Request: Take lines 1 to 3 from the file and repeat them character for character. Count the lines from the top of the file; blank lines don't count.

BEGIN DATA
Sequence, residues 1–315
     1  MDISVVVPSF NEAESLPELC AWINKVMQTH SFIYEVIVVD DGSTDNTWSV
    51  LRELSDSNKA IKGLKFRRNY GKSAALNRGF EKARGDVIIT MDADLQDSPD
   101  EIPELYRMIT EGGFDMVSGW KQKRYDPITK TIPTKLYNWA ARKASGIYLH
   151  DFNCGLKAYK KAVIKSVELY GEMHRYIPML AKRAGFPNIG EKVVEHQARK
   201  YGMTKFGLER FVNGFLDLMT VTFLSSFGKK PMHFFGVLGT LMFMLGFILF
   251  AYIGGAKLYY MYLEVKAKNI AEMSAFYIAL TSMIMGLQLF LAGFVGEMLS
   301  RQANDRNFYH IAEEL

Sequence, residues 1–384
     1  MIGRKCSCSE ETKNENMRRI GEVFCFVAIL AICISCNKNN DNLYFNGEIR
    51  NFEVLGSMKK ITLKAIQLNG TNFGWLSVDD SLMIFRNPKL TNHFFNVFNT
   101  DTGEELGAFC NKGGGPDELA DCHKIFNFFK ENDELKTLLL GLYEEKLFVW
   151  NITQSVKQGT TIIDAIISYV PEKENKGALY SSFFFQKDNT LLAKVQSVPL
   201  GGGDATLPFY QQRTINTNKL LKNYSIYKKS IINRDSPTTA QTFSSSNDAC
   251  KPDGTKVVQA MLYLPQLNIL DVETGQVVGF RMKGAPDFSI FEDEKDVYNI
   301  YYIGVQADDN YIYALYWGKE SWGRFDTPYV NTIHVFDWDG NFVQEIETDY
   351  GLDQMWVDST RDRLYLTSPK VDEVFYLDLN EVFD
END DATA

Sequence, residues 1–315
     1  MDISVVVPSF NEAESLPELC AWINKVMQTH SFIYEVIVVD DGSTDNTWSV
    51  LRELSDSNKA IKGLKFRRNY GKSAALNRGF EKARGDVIIT MDADLQDSPD